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Is triamcinolone cream useful for treating skin allergies?


Updated April 15, 2014

Written or reviewed by a board-certified physician. See About.com's Medical Review Board.

Question: Is triamcinolone cream useful for treating skin allergies?
Answer: Yes. Triamcinolone cream is a medium-potency topical steroid used for treating various allergic skin rashes, including atopic dermatitis (eczema), contact dermatitis (including rashes caused by poison oak and ivy), xerotic dermatitis (dry skin) and other causes of itching.

It is available by prescription only and comes in various strengths (0.025%, 0.1% and 0.5%) and forms (lotions, creams and ointments). Kenalog, the brand name version of triamcinolone, is also available in a topical aerosol spray. Triamcinolone is generally a very inexpensive topical steroid, and therefore is commonly prescribed by physicians for allergic skin rashes.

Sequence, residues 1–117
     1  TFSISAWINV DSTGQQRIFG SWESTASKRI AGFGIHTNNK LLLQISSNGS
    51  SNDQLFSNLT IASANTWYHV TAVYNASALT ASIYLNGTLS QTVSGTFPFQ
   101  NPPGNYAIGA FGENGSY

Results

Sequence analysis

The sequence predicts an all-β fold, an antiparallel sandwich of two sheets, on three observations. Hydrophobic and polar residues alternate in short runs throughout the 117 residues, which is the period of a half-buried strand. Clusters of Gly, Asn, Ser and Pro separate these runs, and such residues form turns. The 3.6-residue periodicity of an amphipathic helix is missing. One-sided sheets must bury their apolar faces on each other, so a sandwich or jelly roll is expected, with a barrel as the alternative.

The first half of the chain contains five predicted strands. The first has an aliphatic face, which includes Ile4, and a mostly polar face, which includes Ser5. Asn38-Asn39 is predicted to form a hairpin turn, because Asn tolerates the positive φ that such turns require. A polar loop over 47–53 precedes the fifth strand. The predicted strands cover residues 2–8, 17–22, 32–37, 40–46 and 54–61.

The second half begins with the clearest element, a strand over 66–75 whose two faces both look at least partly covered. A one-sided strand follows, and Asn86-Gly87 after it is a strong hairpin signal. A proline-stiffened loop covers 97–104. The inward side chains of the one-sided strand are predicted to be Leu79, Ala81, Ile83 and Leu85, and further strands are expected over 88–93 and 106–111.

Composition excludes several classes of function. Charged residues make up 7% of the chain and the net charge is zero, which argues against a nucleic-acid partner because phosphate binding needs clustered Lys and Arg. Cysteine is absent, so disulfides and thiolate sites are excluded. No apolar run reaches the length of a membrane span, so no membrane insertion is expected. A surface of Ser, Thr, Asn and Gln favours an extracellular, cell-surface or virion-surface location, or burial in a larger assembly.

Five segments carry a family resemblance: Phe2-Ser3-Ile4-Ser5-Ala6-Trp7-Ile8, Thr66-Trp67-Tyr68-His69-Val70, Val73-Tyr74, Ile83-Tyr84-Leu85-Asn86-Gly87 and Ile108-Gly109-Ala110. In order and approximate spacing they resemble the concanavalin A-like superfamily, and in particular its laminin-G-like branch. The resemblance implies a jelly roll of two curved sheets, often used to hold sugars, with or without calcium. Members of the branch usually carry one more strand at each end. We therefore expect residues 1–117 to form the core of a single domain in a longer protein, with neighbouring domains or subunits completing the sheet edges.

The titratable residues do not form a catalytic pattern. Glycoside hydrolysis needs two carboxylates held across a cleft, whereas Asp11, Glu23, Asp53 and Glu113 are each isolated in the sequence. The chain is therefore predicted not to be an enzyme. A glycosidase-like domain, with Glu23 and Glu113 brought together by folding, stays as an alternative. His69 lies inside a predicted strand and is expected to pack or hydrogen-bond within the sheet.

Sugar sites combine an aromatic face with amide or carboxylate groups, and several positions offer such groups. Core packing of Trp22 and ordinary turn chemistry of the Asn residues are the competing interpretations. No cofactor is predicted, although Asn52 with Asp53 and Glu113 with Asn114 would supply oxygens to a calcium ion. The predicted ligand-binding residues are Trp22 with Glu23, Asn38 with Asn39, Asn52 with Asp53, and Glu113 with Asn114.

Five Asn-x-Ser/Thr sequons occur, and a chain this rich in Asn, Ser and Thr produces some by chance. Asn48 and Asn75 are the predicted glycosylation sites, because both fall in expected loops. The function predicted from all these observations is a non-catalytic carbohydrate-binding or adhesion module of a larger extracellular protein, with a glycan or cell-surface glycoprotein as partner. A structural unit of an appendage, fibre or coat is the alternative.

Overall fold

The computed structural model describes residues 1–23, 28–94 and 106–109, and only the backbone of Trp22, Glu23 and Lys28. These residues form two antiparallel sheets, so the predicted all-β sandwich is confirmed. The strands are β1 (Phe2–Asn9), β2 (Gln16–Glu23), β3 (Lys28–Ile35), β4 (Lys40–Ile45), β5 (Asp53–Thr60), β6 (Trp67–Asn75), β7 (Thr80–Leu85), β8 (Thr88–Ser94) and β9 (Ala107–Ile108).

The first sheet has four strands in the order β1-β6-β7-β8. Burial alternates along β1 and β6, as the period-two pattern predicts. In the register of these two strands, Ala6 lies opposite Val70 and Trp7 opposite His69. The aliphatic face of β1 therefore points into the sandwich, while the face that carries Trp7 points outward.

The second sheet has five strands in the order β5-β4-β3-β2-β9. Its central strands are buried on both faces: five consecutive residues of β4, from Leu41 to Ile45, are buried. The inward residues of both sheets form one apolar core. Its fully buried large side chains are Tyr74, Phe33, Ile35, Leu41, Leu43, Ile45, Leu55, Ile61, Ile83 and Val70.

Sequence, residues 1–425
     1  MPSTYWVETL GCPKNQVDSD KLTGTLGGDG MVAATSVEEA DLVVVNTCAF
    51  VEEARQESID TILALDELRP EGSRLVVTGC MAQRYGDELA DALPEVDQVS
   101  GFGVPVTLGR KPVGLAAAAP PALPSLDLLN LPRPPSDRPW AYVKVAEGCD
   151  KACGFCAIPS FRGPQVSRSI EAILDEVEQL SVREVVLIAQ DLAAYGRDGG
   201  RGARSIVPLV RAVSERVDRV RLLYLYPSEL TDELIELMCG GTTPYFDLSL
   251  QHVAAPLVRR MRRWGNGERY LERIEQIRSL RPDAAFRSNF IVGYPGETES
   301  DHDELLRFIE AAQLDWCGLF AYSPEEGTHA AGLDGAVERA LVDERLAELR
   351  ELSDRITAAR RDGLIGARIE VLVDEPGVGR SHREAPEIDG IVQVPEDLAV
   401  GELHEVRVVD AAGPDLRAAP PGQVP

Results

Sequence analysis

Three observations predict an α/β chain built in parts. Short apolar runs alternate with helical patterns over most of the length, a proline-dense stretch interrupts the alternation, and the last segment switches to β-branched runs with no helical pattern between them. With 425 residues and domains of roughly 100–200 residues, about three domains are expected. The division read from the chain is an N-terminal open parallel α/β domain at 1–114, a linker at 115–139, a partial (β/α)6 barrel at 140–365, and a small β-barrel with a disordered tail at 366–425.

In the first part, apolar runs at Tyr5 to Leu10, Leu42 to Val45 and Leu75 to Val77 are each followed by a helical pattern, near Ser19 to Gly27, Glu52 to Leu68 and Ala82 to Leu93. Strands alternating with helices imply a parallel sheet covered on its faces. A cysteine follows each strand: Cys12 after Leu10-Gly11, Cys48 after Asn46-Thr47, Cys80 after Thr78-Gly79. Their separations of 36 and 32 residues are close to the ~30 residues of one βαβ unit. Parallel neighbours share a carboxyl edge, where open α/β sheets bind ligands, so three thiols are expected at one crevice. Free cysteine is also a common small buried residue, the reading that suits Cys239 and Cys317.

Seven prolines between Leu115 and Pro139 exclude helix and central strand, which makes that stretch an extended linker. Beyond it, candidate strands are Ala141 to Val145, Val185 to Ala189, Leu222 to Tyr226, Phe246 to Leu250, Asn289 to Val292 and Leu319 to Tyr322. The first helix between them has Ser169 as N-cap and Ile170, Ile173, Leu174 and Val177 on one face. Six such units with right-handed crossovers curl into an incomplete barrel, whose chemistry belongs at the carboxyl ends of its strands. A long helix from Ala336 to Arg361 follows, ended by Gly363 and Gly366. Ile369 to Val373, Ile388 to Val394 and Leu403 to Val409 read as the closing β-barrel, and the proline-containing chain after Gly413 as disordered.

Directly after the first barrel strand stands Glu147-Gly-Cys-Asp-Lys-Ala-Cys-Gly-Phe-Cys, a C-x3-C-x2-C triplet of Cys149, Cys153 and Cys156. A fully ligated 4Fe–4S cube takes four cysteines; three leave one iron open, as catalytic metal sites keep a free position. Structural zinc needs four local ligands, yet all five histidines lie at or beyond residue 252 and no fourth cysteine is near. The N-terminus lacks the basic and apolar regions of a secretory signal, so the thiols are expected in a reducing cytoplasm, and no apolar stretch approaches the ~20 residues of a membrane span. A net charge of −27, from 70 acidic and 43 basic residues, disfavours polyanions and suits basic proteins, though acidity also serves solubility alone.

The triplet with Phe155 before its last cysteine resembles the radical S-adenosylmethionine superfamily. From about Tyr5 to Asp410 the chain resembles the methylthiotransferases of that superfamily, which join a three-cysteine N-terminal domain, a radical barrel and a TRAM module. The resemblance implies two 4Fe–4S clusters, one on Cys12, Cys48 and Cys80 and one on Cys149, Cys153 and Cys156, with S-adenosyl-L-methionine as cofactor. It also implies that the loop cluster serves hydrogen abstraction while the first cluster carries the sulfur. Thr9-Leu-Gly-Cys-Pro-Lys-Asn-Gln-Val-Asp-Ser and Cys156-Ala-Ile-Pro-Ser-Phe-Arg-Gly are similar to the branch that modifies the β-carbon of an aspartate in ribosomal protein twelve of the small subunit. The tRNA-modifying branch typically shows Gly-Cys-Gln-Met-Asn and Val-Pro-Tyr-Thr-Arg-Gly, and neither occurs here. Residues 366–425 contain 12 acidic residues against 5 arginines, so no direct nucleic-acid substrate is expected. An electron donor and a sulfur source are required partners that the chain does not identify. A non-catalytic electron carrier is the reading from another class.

Triamcinlone is generally applied to the affected skin areas two to three times a day for up to two weeks at a time. Using triamcinolone for longer periods, especially with the higher strength forms or with the ointment versions, may cause irreversible side effects. Triamcinolone is too potent of a topical steroid to use on the face or on other areas of the body with thin skin, such as the genital region. If triamcinolone is used on children, only the lowest potency forms should be applied.

Learn more about the treatment of itchy skin.


Boguniewicz M, Leung DYM. Atopic Dermatitis. J Allergy Clin Immunol. 2006; 117(2):S475-80.

DISCLAIMER: The information contained in this site is for educational purposes only, and should not be used as a substitute for personal care by a licensed physician. Please see your physician for diagnosis and treatment of any concerning symptoms or medical condition.

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